[Skip to content]

Sign up for our daily newsletter
The Actuary The magazine of the Institute & Faculty of Actuaries

Disciplinary proceedings

William Robert Frederick Bowman
The Disciplinary Tribunal of the Institute of Actuaries has fined one of its fellows, Mr William Robert Frederick Bowman, after he was found guilty of misconduct at a tribunal hearing on 2 November 2002.

The misconduct, as defined in Rule 3 of the Disciplinary Scheme under Bye-law 69 of the Bye-laws of the Institute of Actuaries, related to, when acting as a scheme actuary to a pension scheme (the Pension Scheme):

  1. failure to provide to the trustees of the Pension Scheme (the Trustees) a valuation by the date required by Regulations 10 and 30 of the Occupational Pension Schemes (Minimum Funding Requirement and Actuarial Valuations) Regulations 1996 (the 1996 Regulations);
  2. failure to maintain an office procedure that would have alerted him to the failure to have provided such a valuation by the due date;
  3. failure to report immediately to the Occupational Pensions Regulatory Authority (Opra) the non-compliance by the Trustees with their obligations to obtain a valuation under section 57(1) of the Pensions Act 1995 (the 1995 Act) and to adopt a certified schedule of contributions under section 58(1) of that Act, such failure being:
    • in breach of section 48(1) of the 1995 Act because he had reasonable cause to believe that the Trustees’ non-compliance was likely to be of material significance to Opra;
    • in breach of the obligation under paragraph 7.1 of Guidance Note 29 (version 3.1);
  4. misdirecting himself as to when the obligation, under section 48(1) of the 1995 Act, arose to report the failure of the Trustees to obtain a valuation; and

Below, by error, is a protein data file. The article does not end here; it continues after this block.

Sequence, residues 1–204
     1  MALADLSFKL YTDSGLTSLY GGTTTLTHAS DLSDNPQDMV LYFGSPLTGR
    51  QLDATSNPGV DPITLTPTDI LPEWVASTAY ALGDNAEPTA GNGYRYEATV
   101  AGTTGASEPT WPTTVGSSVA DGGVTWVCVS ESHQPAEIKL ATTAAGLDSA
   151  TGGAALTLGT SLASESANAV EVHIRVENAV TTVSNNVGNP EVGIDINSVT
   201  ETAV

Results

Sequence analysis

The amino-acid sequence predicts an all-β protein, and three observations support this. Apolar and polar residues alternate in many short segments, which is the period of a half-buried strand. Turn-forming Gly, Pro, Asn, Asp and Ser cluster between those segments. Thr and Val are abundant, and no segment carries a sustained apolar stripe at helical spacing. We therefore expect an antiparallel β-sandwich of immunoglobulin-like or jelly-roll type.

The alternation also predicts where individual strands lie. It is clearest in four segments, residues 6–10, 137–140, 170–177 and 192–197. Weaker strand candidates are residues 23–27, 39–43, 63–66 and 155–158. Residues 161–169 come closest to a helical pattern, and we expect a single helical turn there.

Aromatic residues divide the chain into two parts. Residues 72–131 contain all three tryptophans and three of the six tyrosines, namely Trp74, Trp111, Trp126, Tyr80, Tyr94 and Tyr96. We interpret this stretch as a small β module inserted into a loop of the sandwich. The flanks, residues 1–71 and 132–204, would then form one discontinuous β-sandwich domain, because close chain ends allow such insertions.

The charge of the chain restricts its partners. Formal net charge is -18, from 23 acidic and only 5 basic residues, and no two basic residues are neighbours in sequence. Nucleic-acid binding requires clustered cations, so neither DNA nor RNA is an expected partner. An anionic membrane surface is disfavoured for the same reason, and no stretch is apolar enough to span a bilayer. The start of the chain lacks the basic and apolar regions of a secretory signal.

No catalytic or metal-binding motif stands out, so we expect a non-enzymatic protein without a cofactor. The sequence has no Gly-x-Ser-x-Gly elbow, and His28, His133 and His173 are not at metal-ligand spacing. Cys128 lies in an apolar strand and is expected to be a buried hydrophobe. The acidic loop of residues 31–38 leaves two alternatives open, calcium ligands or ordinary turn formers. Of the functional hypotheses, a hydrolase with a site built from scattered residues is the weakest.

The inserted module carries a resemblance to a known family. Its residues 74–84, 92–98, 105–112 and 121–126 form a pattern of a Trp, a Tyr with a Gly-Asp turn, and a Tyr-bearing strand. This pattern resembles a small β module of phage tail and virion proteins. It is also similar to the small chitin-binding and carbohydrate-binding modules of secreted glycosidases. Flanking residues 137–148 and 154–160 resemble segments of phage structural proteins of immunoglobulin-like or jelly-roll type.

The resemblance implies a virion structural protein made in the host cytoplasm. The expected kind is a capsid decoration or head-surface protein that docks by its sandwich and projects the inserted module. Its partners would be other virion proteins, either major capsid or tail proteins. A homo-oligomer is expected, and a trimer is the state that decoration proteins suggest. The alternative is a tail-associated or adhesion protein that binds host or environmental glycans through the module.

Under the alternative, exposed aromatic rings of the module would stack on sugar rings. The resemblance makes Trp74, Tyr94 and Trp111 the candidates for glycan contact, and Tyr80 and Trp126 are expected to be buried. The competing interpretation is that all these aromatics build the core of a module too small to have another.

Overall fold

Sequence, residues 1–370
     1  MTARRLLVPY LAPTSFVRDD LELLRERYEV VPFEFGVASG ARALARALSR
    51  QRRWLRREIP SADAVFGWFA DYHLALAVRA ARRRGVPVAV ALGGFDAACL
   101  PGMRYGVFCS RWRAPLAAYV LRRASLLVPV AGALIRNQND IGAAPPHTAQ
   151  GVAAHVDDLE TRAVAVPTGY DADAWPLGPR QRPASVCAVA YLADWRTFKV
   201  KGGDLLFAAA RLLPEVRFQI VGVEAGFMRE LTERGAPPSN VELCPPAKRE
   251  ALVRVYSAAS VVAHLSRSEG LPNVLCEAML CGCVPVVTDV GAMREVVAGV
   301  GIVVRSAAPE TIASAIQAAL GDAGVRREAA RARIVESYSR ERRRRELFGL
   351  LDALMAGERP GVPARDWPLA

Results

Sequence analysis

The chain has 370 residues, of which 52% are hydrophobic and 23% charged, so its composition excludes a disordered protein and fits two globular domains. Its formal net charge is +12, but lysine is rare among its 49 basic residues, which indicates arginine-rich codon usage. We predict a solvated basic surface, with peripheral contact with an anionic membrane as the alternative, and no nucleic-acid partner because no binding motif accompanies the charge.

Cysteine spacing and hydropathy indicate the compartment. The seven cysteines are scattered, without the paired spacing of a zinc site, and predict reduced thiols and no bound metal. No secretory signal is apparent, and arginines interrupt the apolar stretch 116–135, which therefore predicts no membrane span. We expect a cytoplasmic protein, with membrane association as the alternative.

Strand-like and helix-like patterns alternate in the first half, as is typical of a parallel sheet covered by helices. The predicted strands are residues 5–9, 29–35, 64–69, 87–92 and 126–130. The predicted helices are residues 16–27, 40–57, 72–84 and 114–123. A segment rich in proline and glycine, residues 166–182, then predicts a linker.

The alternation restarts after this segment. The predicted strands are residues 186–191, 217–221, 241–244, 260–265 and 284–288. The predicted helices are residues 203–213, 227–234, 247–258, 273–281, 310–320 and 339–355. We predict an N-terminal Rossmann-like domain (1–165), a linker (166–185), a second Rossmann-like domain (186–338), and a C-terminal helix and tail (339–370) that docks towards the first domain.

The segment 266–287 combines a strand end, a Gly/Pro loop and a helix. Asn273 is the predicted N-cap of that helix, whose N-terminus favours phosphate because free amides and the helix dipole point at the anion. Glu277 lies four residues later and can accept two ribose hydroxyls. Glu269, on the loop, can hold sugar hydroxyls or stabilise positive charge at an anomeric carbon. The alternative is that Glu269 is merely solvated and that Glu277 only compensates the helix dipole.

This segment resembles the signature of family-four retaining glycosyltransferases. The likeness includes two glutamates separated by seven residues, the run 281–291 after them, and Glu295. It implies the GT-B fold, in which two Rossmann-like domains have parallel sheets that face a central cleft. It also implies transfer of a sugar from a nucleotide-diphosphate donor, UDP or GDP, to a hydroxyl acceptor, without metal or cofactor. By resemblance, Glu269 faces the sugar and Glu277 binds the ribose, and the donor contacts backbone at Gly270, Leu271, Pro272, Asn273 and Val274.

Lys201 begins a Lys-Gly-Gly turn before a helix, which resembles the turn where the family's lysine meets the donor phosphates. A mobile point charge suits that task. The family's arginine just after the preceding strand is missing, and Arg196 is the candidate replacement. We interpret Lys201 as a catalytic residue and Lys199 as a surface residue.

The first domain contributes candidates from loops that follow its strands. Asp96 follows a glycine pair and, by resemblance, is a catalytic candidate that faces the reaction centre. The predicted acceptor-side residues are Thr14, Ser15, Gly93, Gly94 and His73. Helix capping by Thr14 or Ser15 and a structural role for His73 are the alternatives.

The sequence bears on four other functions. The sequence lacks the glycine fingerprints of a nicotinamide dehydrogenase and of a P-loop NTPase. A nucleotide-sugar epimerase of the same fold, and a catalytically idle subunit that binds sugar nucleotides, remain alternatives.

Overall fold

5. failure to consider discussing the circumstances with Opra in breach of paragraph 7.7 of GN29;

– individually and together constituting conduct falling short of the standards which might reasonably be expected of a member.

At the outset of the hearing, the respondent stated that he accepted guilt on the particulars of the charge as set out above. In light of the respondent’s acceptance of guilt on the charge, the panel found that the particulars of the charge amounted to misconduct.

The panel then carefully considered the representations made by Mr Bowman in relation to mitigation. The chairman stated that the panel viewed this misconduct as a serious breach on the respondent’s part. However, they had noted the pleas of mitigation and the statement of the Investigating Committee that he had co-operated fully in their investigations. They were also mindful that the issue had been ongoing for some considerable period. With regard to the failures outlined in the particulars of the charge, while these failures remained the ultimate responsibility of the respondent, the panel recognised that, to some extent, they were attributable to weaknesses in his employer’s operational procedures at that time.

In all the circumstances, the panel determined that, under Rule 39, the penalty will be a fine of £2,000 payable to the Institute of Actuaries. The panel did not feel it appropriate to order any additional sanction.No costs recovery was requested by the Investigating Committee or awarded by the panel.

Further details of the charge and the determination can be found at www.actuaries.org.uk /professional_affairs/discipline/bowman.pdf.